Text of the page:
History professor earns best book award from Georgia Historical Society
Bell Award given to Tom Okie for book on the Georgia peach
KENNESAW, Ga. (Nov 28, 2018) — William Thomas Okie, associate professor of history and author of “The Georgia Peach: Culture, Agriculture, and Environment in the American South,” was honored Tuesday with the Bell Award from the Georgia Historical Society, becoming one of two individuals recognized in 2018 for books published in 2016 and 2017.
The Bell Award is the highest publication award given by the organization and recognizes the best book on Georgia history published in the previous year. The award, established in 1992, is named in honor of Malcolm Bell Jr., and Muriel Barrow Bell for their contributions to the recording of Georgia’s history.
KSU President Pamela Whitten, Associate Professor of History Tom Okie, and Georgia Historical Society President and CEO W. Todd Groce
“I’ve admired what the Georgia Historical Society has done for Georgia history, and I’m honored that they’ve selected my book as a prize winner,” said Okie. “Looking at previous award winners, I see mentors and role models, senior scholars and seasoned journalists, so it’s humbling to be included in that company.”
Published by Cambridge University Press in 2016, Okie’s book explores how the peach – one of Georgia’s most visible symbols – emerged as a commercial crop and as a cultural icon, despite the fact that this non-native fruit has all but disappeared as a Georgia crop. The book explores how the myth of the Georgia peach was created and its staying power as a cultural icon.
“This is the first time that the Georgia Historical Society has awarded co-winners, and I’m delighted that we have such outstanding research and scholarship,” said W. Todd Groce, president and CEO of the Georgia Historical Society. Okie shares the award with Andrew Denson, associate professor of history at Western Carolina University and author of “Monuments to Absence: Cherokee Removal and the Contest Over Southern Memory.”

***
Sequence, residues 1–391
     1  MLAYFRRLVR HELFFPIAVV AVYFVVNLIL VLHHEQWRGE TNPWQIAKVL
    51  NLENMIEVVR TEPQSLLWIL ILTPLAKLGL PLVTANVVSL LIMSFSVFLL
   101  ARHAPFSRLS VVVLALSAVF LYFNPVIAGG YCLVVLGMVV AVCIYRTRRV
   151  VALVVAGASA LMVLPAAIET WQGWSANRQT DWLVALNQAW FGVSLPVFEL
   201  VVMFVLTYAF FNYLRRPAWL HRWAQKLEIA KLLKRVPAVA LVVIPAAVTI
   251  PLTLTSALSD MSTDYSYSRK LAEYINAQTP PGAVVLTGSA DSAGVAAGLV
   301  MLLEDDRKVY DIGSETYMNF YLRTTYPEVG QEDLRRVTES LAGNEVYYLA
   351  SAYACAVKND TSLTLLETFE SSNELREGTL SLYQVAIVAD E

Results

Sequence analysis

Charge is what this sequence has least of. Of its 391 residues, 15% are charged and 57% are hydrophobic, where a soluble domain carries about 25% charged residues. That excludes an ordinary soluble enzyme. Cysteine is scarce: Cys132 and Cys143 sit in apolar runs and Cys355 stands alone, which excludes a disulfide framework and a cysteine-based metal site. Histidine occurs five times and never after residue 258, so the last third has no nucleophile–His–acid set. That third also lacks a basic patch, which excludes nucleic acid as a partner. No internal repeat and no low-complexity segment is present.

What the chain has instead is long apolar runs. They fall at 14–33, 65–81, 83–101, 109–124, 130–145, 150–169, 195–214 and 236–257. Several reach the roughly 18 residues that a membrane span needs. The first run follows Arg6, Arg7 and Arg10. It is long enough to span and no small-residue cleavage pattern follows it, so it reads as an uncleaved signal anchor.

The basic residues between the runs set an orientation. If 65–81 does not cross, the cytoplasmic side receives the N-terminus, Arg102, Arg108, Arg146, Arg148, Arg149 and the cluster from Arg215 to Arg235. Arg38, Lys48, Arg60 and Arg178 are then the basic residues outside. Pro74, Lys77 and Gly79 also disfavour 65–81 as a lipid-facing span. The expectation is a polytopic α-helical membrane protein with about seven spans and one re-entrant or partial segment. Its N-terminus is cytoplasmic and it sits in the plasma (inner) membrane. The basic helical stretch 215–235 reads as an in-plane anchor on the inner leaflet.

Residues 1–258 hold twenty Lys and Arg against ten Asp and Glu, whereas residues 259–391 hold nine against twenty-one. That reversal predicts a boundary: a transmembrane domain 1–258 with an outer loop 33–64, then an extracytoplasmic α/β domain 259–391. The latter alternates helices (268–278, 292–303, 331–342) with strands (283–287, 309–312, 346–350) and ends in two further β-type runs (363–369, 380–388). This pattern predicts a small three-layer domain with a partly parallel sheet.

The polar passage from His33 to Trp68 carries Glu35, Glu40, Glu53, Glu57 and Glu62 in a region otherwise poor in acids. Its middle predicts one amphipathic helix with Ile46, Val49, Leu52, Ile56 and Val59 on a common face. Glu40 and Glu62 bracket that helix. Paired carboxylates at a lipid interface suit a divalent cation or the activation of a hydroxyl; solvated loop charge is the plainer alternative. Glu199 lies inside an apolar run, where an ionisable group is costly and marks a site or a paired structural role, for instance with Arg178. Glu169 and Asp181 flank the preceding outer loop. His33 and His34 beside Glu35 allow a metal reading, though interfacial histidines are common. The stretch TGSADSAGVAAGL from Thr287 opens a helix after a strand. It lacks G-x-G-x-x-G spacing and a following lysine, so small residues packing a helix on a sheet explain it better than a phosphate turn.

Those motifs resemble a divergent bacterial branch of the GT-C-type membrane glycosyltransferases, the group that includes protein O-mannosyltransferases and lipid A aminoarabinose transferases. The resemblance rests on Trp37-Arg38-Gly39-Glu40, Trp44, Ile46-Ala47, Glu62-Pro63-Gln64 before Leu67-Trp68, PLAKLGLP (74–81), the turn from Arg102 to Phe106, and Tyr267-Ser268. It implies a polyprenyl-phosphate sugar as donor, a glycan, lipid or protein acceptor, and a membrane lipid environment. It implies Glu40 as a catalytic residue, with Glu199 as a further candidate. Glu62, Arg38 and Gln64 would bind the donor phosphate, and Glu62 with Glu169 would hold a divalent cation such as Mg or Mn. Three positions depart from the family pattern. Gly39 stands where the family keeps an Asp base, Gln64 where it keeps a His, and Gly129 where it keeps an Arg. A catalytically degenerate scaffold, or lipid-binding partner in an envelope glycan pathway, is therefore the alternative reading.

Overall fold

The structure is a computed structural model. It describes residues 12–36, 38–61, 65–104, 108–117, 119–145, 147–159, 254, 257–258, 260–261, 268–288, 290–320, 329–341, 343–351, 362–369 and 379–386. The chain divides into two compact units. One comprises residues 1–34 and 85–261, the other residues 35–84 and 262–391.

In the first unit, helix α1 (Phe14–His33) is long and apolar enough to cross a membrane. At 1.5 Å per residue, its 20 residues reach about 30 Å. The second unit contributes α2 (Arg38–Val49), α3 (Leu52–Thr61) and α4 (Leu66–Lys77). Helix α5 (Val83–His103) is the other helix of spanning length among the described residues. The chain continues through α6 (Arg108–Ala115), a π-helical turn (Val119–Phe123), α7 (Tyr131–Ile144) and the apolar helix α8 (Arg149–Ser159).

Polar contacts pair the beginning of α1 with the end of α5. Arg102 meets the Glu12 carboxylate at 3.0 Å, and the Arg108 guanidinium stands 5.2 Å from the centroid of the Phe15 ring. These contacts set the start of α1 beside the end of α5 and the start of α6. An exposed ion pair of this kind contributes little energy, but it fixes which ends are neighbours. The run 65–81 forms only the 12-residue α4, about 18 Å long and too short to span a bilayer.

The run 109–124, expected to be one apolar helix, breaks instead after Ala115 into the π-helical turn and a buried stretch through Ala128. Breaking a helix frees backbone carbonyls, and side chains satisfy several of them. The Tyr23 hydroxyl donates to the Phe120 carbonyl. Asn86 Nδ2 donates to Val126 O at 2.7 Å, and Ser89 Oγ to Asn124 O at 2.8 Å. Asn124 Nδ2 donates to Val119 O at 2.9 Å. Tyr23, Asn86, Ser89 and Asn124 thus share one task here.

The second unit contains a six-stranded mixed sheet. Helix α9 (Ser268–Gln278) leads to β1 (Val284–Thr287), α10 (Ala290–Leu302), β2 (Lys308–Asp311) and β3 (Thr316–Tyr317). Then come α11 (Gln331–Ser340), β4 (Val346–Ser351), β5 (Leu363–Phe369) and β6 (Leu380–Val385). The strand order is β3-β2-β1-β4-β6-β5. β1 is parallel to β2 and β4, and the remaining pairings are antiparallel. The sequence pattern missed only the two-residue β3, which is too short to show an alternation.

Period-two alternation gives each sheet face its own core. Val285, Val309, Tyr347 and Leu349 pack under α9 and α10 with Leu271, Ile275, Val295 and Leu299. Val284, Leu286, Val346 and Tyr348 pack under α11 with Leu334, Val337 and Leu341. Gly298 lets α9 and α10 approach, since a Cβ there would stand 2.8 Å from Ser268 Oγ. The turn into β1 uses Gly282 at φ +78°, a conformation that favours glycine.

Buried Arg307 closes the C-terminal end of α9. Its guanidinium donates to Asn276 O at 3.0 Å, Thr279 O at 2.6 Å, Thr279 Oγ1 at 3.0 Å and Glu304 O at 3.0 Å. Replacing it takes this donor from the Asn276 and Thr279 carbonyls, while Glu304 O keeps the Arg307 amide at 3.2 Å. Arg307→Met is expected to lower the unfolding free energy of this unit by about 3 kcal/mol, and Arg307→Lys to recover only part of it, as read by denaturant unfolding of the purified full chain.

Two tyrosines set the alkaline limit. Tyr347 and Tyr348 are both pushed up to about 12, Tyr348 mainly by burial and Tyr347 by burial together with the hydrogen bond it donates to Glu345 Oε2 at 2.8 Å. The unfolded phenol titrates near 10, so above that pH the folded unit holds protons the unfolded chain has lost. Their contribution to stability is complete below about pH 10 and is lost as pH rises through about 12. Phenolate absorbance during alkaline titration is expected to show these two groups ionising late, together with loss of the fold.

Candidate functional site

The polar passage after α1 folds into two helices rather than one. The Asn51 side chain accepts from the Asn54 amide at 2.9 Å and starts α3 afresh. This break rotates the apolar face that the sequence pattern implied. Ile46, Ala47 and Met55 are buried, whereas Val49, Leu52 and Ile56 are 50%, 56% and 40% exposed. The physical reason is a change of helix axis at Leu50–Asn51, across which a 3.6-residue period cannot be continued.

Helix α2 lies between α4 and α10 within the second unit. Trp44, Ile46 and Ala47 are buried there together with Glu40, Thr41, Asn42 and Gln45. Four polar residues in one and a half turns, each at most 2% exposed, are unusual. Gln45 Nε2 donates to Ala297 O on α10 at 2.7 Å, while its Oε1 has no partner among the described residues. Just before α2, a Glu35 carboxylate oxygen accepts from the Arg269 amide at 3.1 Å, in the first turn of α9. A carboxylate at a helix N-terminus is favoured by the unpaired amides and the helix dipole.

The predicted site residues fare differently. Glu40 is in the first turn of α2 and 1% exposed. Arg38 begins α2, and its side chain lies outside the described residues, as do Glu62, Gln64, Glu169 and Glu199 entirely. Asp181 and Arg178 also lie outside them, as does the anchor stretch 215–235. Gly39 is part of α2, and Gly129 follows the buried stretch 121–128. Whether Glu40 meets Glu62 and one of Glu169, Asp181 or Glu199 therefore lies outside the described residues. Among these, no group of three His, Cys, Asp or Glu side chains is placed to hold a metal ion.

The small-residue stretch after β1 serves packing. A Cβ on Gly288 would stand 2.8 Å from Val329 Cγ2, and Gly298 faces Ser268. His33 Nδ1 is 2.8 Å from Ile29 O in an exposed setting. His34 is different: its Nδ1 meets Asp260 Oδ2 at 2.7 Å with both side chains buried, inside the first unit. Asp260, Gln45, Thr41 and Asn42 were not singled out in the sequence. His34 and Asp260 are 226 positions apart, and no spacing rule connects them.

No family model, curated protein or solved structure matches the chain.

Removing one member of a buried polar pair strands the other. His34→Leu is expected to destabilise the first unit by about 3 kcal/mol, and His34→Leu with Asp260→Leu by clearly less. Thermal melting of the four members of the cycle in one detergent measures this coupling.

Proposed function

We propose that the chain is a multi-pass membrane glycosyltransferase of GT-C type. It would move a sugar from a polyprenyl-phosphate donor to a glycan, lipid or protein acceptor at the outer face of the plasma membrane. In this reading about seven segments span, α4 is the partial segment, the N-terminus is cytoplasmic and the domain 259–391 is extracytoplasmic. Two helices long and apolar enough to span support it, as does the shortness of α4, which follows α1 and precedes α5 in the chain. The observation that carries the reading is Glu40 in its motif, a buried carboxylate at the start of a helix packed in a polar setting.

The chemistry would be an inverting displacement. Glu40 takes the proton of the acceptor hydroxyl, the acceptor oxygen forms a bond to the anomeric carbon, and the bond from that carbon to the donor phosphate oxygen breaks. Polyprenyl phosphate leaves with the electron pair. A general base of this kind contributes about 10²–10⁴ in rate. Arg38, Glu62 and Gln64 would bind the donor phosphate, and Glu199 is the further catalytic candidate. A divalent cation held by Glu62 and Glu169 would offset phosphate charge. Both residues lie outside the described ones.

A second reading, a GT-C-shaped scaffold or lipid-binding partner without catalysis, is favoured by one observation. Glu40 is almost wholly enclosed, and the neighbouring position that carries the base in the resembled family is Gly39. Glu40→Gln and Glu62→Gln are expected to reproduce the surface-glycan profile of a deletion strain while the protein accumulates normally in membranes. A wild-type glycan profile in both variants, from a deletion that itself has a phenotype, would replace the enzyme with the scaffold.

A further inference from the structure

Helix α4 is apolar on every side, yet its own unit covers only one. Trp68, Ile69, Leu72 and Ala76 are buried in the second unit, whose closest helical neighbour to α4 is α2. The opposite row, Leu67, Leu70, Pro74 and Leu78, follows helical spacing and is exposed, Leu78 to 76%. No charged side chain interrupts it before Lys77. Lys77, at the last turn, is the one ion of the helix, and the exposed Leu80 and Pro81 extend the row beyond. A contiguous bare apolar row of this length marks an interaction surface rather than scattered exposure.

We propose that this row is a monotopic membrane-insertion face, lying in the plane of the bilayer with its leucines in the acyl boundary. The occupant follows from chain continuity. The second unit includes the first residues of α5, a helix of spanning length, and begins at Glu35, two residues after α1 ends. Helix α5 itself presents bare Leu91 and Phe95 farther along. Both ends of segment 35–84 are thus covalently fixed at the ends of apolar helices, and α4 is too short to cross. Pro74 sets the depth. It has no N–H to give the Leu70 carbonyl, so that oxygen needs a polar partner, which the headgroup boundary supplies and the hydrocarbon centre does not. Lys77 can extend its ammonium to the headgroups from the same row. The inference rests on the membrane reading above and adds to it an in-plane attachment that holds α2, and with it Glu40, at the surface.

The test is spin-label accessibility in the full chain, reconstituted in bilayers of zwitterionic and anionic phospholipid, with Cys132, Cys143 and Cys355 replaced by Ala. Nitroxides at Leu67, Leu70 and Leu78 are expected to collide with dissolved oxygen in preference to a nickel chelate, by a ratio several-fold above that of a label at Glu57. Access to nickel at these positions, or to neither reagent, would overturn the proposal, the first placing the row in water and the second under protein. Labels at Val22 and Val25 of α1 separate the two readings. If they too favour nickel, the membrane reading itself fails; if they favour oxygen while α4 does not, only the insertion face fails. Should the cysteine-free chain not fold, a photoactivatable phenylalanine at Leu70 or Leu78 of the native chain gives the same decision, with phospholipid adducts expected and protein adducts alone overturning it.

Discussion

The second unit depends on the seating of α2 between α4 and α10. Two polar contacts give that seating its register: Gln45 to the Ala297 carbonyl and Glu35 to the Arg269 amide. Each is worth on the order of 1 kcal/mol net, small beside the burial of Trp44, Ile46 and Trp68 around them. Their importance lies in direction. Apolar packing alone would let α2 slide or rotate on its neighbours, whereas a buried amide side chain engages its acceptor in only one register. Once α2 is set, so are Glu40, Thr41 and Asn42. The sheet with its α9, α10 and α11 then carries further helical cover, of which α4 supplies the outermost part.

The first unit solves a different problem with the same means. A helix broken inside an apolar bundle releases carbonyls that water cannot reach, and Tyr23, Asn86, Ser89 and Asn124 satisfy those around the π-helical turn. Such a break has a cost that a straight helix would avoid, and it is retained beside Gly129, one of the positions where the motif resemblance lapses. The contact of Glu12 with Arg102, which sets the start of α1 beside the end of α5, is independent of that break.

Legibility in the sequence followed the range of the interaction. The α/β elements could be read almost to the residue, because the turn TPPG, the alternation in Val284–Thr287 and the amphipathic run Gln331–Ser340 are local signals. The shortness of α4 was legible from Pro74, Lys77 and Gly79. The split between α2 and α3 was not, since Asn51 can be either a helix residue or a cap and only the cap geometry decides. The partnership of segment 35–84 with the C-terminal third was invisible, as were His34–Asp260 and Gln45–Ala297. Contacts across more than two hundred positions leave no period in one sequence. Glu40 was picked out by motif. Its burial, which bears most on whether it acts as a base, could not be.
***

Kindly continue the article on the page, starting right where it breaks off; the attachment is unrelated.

Groce added that Okie’s book has set the standard for incorporating cultural issues into environmental history.
This is Okie’s first scholarly attempt at taking an everyday object and showing the layers of historical time that have shaped that object and how we view it.
“The peach is a historical artifact. It has changed over time due to both human and non-human factors: consumer tastes, labor markets, cross-pollination efforts, agricultural policy, weather patterns, insects, fungi, hogs,” Okie said. “I hope the book helps people to pay attention to the world around them and to remain curious about commonplace things.”
Okie, who joined Kennesaw State University in 2013, currently teaches American history, food history and history education. Trained in environmental and agricultural history at the University of Georgia, he has produced work that has won prizes from the Society of American Historians, the Southern Historical Association and the Agricultural History Society.
– Tiffany Capuano
Photos by David Caselli
A leader in innovative teaching and learning, Kennesaw State University offers more than 150 undergraduate, graduate and doctoral degrees to its more than 41,000 students. With 11 colleges on two metro Atlanta campuses, Kennesaw State is a member of the University System of Georgia and the second-largest university in the state. The university’s vibrant campus culture, diverse population, strong global ties and entrepreneurial spirit draw students from throughout the region and from 126 countries across the globe. Kennesaw State is a Carnegie-designated doctoral research institution (R2), placing it among an elite group of only 6 percent of U.S. colleges and universities with an R1 or R2 status. For more information, visit kennesaw.edu.